After the Soviet Union collapsed in December 1991 it was widely and plausibly proclaimed that full-blown socialism was dead and buried. Capitalism had triumphed. No more aggressive, big and popular socialist experiments. Ha! Wrong. Even in the good ol’ USA socialist US Senator Bernie Sanders has stirred a huge youth following beneath the socialist banner. Granted, he failed to advocate outright seizure and centralization of all productive capital assets in a planned economy, but he pushed more free stuff, welfare-style programs and lots of ad hoc interventions into the economy to “fix” this, that and every other human ill.
After my stint as Chief Economist at the U.S. Department of Labor, Jeff Tucker, then of the Mises Institute, interviewed me in April 2003 and it included the following exchange:
AEN: “You have written on the socialist calculation debate. What are the lessons still unlearned?”
Reynolds: “The main lesson that Mises taught is still neglected. He argued that in the absence of effective private property rights and exchange with money, there would be no market prices. In the absence of money prices, you cannot calculate profit and loss. There are no substitutes for prices and profit and loss, and so without them, we are confronted with a world without economizing, that is, a world of chaos. Even if we know what we want to do, we cannot find the least-cost method of doing it.
“That’s the lesson. But when I presented this paper at the university, I had the longest and most intense debate with two colleagues about it. They are two very smart guys. But I could not convince them, no matter what I said. They kept claiming that they could find a big enough computer and nonlinear programming model, and proceed to map that n-dimensional frontier and eventually take care of the problem.
“I pressed them even on the subject of changes: let’s say people are being born and dying, preferences are changing, resource availability shifts, and on and on. But they stuck to their claim that we are smart enough to manufacture a substitute for the free market. This is just absurd. It is ludicrous. But the claim is still made.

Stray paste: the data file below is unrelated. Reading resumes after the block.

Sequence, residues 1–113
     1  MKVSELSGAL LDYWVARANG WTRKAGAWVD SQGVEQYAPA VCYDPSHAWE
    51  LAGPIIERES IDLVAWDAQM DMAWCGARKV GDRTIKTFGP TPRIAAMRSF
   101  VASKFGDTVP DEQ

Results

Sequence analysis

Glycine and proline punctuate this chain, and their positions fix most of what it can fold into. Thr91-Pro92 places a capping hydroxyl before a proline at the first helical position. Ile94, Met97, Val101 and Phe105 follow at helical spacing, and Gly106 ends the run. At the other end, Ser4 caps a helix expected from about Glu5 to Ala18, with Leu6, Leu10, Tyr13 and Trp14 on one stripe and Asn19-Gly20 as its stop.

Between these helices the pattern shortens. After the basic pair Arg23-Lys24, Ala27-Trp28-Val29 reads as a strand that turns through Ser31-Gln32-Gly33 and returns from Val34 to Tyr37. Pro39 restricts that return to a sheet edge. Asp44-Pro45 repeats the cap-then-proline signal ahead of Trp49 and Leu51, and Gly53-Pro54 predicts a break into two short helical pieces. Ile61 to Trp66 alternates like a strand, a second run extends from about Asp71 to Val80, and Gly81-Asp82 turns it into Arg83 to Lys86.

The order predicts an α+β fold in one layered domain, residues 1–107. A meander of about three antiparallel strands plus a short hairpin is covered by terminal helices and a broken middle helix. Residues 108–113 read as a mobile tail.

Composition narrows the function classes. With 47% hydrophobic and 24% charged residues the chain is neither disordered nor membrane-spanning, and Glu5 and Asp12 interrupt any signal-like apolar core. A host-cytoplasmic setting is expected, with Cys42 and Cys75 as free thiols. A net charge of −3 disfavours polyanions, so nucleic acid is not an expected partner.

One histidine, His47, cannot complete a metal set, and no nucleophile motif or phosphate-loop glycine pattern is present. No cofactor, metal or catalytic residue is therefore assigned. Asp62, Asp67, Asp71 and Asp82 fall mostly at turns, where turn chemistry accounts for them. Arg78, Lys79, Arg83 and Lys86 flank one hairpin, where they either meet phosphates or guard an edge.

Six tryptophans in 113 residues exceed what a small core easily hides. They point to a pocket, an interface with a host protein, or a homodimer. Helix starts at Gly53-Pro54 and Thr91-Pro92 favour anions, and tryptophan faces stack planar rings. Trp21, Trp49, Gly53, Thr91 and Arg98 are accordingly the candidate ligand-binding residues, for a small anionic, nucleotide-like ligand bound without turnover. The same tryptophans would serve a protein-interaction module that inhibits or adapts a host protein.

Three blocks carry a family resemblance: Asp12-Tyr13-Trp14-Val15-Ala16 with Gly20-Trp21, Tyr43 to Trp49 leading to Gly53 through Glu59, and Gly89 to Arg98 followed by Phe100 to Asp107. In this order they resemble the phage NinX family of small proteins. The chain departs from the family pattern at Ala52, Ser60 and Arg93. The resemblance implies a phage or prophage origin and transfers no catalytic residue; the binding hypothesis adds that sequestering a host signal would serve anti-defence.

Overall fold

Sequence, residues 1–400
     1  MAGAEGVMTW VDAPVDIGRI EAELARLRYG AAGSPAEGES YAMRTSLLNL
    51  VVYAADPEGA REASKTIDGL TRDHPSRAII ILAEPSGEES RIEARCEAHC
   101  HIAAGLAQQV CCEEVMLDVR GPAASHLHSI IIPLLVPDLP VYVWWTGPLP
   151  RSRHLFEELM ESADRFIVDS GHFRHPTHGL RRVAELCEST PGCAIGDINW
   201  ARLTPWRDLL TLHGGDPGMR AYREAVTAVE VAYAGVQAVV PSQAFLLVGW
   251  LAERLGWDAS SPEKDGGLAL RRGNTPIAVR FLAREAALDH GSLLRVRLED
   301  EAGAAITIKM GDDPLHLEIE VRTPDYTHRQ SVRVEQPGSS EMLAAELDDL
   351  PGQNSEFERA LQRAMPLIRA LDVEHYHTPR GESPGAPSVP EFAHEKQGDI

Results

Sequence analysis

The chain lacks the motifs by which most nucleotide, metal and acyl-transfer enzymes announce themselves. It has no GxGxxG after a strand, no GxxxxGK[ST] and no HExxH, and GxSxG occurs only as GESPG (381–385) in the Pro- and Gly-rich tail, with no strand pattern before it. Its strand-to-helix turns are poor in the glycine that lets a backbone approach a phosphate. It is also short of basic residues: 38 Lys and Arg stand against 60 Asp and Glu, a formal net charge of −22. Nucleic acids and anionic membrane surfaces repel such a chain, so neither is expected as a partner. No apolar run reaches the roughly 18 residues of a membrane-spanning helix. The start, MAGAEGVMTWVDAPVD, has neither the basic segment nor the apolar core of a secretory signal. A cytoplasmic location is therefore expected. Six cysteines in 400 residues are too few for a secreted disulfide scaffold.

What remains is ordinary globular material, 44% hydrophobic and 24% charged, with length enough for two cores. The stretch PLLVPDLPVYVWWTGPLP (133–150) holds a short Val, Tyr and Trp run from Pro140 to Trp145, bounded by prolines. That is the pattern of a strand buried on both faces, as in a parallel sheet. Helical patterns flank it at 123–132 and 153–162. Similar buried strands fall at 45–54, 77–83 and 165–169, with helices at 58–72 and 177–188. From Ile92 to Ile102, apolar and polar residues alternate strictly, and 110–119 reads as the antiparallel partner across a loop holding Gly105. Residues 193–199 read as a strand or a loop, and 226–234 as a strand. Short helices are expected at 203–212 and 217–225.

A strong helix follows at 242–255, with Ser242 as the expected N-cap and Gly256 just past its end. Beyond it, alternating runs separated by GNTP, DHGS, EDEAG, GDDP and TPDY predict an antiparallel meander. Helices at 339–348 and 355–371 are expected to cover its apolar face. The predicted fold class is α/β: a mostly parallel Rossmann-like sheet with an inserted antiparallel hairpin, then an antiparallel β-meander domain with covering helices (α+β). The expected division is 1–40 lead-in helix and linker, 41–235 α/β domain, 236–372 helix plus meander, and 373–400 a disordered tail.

“They weren’t socialists; they just believed that you don’t need markets for economizing in a complex economy. They are typical mainstream economists who do not recognize the limits of the human mind. Part of the problem may be that economists are very bright. They believe that there is nothing they can’t figure out.”
This brings to mind a related economist story. I attended the Mont Pelerin Society meeting in Cannes, France, in 1994 and Henry G. Manne, then Dean of the George Mason University Law School, said he wanted to introduce me to someone who wanted to meet me. Fine. It was Professor Julian Simon, noted economist and author of The Ultimate Resource, and he bluntly asked me, “Morgan, how did you get so simple minded?” We both burst out laughing! Two like-minded scholars sharing a laugh. Well, what’s the point of analysis but to separate complex things into their component elements and get to the root of the matter?
Here you will find my investigation of the socialist calculation debate. Though written for economists, I think any intelligent reader can follow it. It took me about a decade to get to the root of the matter, to penetrate the confusion and really figure out what the fatal, fundamental problem was with the socialist chimera. If I can figure it out, you surely can understand it too via this article!